You mentioned some examples. What are some good examples you think would be interesting?
A couple of quick ones that come from past award winners of CSCMP’s award, a couple of years ago, the award went to Mercy Health Systems. Mercy Health Systems is a hospital network; they have about 40 hospitals. They’re based in St. Louis, but their 40 hospitals are located all around the Midwest. It’s an interesting story—they’re going to be speaking at our conference.
They started out with the traditional internal focus. The way the corporation was run, most of the hospitals were very independent. It was operated very much as a holding company, so each of the hospitals ran its own operations, had its own supply chain, leadership, and managed most of its own internal operations and purchasing and supply management activities independently.
What started out as kind of an incremental quality-improvement program, where they were really focusing on specifically how to reduce errors and improve the quality of care within their hospitals kind of evolved to a larger focus on best practices in procurement and purchasing and then a sharing of those practices across the hospitals until, finally, Mercy saw so much progress that the corporate office decided to consolidate all supply chain operations and management of supply chain into a corporate office.
Eventually, they created a whole new business unit, which is called Mercy ROI. This new business unit handles all the supply chain operations and internal operational excellence programs for the 40-hospital network. They’ve gotten so good at it that now it’s become a new business for them, and they sell hospital supply chain services to other health care networks. This is a great example of how some, initially, small, internally focused innovations can grow a competence and a capability that can actually turn into a new business opportunity. It turns out this Mercy ROI business unit is the fourth most profitable business unit within their entire corporation. It’s just a really good example of the power of supply chain and the potential of it driving business growth, as well as reducing cost.
Another example we’re going to have presented at the conference is this past year’s winner, the 2014 winner was Flextronics. Many of your readers may be familiar with Flextronics; they’re one of the largest contract manufacturers in the world and about a $20-billion company. They started out in electronics manufacturing, but they do a lot of contract manufacturing for many different industries now.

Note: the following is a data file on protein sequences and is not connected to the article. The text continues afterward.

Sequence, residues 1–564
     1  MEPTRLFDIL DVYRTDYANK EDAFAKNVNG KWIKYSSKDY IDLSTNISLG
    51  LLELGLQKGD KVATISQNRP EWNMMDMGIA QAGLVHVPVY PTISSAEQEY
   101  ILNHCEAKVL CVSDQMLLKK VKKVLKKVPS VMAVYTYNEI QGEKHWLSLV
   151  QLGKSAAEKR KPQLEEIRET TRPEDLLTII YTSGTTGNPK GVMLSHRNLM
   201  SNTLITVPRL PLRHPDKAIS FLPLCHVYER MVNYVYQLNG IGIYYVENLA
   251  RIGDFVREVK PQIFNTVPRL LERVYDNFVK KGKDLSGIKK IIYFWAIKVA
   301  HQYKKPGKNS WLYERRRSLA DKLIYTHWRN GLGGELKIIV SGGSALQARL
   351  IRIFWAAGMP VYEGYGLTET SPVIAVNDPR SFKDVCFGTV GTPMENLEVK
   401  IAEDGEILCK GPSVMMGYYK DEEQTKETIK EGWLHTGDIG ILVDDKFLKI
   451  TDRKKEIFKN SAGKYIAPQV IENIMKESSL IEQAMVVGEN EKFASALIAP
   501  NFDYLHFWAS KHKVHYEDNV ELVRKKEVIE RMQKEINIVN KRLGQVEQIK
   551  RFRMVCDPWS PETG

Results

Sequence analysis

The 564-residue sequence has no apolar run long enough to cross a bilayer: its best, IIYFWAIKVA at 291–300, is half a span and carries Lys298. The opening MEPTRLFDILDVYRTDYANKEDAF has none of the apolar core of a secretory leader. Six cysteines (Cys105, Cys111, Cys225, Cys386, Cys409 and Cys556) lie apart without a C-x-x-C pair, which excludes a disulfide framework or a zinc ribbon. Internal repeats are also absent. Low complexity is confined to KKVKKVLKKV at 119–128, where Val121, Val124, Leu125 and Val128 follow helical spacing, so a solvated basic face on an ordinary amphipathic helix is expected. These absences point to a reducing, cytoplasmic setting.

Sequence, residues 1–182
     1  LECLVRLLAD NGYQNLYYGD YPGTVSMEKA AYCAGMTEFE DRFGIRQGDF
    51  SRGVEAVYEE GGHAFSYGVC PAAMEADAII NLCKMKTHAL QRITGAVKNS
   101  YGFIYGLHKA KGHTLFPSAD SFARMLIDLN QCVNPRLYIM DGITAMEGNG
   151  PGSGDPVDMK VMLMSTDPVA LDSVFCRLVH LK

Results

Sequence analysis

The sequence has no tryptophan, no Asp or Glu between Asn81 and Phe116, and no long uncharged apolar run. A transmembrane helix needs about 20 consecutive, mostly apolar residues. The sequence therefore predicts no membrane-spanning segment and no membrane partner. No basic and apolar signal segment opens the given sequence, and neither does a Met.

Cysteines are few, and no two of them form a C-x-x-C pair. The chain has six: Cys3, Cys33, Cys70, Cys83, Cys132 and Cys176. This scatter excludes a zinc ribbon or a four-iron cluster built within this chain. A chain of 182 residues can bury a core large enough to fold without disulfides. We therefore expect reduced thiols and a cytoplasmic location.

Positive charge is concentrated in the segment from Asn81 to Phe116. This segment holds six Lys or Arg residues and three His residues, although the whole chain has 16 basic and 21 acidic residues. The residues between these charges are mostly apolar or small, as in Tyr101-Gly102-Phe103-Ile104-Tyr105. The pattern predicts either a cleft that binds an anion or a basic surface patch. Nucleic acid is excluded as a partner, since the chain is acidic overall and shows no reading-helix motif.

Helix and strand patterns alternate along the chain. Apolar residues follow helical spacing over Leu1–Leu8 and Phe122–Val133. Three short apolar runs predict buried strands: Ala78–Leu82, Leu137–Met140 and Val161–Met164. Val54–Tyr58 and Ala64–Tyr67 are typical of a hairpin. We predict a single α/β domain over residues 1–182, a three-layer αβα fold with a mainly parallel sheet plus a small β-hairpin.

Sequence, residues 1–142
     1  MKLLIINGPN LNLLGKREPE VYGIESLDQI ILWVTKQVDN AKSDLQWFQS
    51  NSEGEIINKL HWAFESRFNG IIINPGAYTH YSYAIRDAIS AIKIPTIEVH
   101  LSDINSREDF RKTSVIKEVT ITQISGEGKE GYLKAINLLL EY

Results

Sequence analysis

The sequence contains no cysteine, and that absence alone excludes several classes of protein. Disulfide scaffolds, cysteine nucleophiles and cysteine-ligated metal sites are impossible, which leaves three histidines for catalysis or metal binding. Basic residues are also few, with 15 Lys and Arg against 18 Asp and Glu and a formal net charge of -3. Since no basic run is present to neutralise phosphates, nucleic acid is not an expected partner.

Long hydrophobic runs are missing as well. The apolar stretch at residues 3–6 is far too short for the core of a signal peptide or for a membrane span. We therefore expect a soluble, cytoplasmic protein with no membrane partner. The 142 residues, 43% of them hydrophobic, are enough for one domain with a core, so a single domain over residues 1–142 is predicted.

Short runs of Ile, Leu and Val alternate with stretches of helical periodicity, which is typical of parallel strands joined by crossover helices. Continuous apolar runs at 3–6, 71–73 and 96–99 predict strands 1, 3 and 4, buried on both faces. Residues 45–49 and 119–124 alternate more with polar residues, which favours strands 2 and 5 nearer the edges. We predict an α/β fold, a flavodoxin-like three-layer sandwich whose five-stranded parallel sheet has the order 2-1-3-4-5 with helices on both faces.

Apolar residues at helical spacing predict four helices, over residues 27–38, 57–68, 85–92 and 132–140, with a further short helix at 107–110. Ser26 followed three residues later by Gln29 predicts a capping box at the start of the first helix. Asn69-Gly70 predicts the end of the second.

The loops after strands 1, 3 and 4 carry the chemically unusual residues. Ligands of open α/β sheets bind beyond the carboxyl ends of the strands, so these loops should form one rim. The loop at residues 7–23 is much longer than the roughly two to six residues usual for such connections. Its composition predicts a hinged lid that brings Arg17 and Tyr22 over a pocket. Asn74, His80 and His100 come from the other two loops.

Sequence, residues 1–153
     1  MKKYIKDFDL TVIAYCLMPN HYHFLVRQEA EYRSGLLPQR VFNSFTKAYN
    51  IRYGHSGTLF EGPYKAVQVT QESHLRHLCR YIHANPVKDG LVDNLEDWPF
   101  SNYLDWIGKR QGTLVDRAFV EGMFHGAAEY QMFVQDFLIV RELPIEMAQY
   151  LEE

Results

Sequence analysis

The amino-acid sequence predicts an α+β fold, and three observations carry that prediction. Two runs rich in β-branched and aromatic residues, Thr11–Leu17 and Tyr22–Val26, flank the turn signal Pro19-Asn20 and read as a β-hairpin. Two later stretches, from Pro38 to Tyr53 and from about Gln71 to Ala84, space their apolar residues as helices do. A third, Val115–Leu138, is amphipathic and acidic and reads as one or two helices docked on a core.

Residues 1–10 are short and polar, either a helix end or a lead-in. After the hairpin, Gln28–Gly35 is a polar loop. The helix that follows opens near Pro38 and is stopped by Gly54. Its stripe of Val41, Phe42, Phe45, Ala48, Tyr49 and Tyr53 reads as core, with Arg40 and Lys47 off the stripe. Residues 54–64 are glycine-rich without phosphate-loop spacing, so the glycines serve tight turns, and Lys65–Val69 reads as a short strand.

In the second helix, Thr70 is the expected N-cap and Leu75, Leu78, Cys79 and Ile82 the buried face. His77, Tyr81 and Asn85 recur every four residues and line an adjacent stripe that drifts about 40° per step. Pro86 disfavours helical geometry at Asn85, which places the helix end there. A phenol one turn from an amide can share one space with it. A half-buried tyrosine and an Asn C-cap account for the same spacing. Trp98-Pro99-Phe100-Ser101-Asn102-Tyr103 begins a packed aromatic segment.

Traditionally, their bread and butter has been to take product designs from original equipment manufacturers or big developers and then just produce the items that the developers order from them. They produce a lot of the final assembly for computers and all kinds of electronic goods. What they’ve done now with their supply chain capabilities, they’ve gotten so good at managing supply chain that they’ve built an incubator, a new product and prototyping and development incubator in California so, now, they have a whole new market they can sell services to: mainly startup firms and small- to midsize firms that don’t have their internal R and D capability.
They’ve built this really fantastic facility that has 3D printing and lots of other rapid prototyping technologies. Plus, they will set up an R and D space in their facility for a startup or client company to come in, and they will host a design team to work together with Flextronics engineers and supply chain mangers to not only help flesh out their product design and create rapid prototypes, but to concurrently do process design and design for supply chain kinds of things so these products come out with not only a fantastic functional design and high-quality performance, but also very producible form.
Again, this is another example of a company that’s taking its supply chain expertise and applying that into a new market in a new way to create new business opportunities.
Thanks, Morgan, for sharing today.
You’re welcome. Happy to share with you.
About Morgan Swink
Professor at TCU